The interaction of l(−)Fd4C 5′-triphosphate with mitochondrial DNA pol γ was also investigated in order to assess the selectivity of l(−)Fd4C 5′-triphosphate. Mitochondrial DNA pol γ is a key enzyme required for mtDNA synthesis, and inhibition of mtDNA synthesis by the 5′-triphosphates of nucleoside analogs has been proposed to play a major role in their toxicity (32). When human mitochondrial DNA pol γ was used, incorporation of the 5′-monophosphates of ddC, l(−)SddC (3TC), and l(−)Fd4C was evident (Fig. (Fig.4).4). Further studies on the interaction of l(−)Fd4C 5′-triphosphate with HIV-RT and human DNA polymerases will be presented elsewhere (22).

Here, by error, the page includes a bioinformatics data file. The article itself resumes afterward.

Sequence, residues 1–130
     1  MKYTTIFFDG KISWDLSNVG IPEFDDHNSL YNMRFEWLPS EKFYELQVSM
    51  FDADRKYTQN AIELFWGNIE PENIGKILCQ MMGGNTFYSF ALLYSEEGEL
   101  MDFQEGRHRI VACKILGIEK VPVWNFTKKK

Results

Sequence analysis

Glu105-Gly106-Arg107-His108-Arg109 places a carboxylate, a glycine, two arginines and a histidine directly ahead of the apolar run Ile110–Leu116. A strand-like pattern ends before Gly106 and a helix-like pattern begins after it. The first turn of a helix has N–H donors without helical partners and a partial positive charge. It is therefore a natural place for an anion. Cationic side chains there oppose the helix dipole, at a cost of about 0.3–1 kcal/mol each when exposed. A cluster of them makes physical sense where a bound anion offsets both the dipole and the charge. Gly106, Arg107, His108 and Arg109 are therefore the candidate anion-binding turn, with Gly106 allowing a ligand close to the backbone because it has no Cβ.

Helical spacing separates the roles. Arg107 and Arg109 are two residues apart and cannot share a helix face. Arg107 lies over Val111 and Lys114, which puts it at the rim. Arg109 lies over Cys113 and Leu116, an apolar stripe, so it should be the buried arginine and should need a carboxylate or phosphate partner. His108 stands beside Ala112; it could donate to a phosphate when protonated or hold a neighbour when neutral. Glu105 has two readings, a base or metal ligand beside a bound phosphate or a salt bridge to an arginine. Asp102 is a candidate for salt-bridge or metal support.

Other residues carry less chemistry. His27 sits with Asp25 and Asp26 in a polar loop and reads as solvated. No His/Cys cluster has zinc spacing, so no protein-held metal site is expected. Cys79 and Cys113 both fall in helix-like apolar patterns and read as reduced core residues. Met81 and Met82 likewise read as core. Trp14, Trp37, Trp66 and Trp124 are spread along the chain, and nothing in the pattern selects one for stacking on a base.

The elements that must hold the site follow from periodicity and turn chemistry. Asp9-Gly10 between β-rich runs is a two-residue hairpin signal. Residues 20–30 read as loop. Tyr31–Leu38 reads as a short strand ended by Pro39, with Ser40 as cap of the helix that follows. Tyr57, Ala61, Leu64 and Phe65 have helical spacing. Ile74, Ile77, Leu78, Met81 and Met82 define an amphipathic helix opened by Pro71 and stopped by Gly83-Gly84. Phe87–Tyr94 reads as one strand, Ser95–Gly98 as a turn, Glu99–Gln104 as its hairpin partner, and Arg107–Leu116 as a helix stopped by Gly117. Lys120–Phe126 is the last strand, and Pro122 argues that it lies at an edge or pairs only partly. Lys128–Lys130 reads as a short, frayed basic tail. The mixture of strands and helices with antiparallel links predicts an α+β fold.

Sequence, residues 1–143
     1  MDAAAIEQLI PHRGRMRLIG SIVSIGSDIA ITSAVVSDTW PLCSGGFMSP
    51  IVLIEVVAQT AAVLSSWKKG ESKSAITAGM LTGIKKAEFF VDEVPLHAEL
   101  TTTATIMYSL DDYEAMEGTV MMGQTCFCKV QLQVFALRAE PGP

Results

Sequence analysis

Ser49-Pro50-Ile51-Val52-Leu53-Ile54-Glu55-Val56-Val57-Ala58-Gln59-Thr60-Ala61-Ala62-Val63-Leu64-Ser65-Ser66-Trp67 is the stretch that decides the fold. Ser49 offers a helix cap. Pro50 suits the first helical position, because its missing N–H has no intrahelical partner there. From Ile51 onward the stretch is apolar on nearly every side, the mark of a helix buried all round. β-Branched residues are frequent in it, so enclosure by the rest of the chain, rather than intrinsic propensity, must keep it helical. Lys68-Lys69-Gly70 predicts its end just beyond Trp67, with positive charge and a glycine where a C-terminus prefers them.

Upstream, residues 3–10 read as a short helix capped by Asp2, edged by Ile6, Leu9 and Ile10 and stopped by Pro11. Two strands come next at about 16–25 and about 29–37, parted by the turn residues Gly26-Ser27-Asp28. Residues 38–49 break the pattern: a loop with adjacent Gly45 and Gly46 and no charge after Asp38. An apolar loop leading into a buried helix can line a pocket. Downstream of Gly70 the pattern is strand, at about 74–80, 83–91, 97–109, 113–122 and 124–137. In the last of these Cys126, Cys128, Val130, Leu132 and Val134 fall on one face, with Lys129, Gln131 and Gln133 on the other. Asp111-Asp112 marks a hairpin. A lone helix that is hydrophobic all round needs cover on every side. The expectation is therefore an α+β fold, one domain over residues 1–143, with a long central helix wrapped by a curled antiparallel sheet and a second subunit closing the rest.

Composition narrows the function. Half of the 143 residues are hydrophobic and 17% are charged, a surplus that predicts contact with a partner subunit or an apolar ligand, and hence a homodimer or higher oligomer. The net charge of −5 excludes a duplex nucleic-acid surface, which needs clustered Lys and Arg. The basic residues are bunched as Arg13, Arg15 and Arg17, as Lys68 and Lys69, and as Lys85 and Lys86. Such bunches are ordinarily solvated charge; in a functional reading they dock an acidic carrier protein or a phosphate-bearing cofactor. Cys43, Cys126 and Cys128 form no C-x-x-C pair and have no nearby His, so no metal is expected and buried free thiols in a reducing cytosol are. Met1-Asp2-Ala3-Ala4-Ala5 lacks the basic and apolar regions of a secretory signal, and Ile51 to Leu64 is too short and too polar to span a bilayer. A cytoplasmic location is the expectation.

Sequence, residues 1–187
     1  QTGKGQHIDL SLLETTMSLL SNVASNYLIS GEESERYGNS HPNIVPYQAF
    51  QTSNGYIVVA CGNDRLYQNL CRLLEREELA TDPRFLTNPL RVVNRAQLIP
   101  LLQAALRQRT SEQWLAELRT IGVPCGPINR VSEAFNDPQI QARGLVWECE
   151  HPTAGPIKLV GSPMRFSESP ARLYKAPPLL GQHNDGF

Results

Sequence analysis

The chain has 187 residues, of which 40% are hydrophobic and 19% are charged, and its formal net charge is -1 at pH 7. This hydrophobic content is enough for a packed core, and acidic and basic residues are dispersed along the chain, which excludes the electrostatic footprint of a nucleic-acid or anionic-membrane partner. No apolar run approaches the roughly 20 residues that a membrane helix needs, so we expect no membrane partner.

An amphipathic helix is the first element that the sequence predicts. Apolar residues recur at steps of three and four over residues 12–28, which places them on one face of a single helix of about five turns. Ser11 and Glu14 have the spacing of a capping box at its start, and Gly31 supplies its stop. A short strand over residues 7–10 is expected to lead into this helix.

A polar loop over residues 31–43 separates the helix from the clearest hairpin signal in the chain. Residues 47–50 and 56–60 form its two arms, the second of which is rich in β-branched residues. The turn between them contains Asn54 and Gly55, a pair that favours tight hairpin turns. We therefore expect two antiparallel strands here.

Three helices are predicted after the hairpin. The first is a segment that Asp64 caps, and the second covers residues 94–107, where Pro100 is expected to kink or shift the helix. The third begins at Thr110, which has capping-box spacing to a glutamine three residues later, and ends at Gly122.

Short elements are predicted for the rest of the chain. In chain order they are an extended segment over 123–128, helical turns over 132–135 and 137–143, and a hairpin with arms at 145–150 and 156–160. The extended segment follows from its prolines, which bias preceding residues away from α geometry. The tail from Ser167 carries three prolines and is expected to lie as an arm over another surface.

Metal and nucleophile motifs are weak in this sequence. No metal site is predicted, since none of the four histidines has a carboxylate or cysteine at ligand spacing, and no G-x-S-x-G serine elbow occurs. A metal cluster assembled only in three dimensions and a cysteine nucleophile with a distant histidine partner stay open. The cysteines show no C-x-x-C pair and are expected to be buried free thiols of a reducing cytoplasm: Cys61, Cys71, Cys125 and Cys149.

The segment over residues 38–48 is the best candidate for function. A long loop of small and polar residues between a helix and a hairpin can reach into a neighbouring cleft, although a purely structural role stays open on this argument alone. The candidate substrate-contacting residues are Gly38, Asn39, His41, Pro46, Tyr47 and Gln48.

The discovery of β-l(−) nucleoside analogs as antiviral agents has generated tremendous interest in their development. We recently reported the anti-HIV and anti-HBV activities of a new β-l(−) nucleoside analog, l(−)Fd4C (28). The antiretroviral activity of a nucleoside analog is dependent upon many factors, including intracellular phosphorylation and the interaction of its anabolites with HIV-RT. We have demonstrated the intracellular phosphorylation of l(−)Fd4C to the 5′-triphosphate metabolite and the role of cytoplasmic deoxycytidine kinase in the first step of this process. However, the mitochondrial deoxypyrimidine nucleoside kinase could not utilize l(−)Fd4C as a substrate. The behavior of l(−)Fd4C towards cytoplasmic deoxycytidine kinase is different from that of l(−)SddC (3TC). l(−)Fd4C has a higher Km and a higher relative Vmax than deoxycytidine, whereas l(−)SddC (3TC) has a Km similar to that of deoxycytidine but a much lower Vmax. Thus, increasing dosages of l(−)SddC (3TC) beyond the maximum rate of l(−)SddC (3TC) 5′-monophosphate formation will have little effect on the total level of intracellular phosphorylated metabolites, whereas higher doses of l(−)Fd4C may be given to increase active metabolite levels. This difference in enzyme kinetics also suggests that the degree of phosphorylation of l(−)Fd4C may have an impact on the scheduling of treatment. Indeed, further intracellular studies in which the intracellular half-life of phosphorylated l(−)Fd4C metabolites was significantly greater than that of phosphorylated l(−)SddC (3TC) metabolites support this observation (43). Thus, less-frequent dosing and escalation of dosage to overcome viral resistance may be achieved with l(−)Fd4C compared with l(−)SddC (3TC). These results show important differences between β-l(−) nucleoside analogs and demonstrate that each nucleoside analog must be evaluated as a unique compound (for a review, see reference 37). Another aspect of deoxycytidine analog metabolism is the possibility of catabolism to the uridine derivative by deoxycytidine deaminase activity, resulting in a drug with decreased antiviral activity. To assess if l(−)Fd4C can be deaminated by deoxycytidine deaminase activity, we tested the activity of human deoxycytidine deaminase against l(−)Fd4C. Consistent with what has been reported for other β-l(−) deoxycytidine analogs (3, 14, 17, 29), deamination of l(−)Fd4C could not be detected.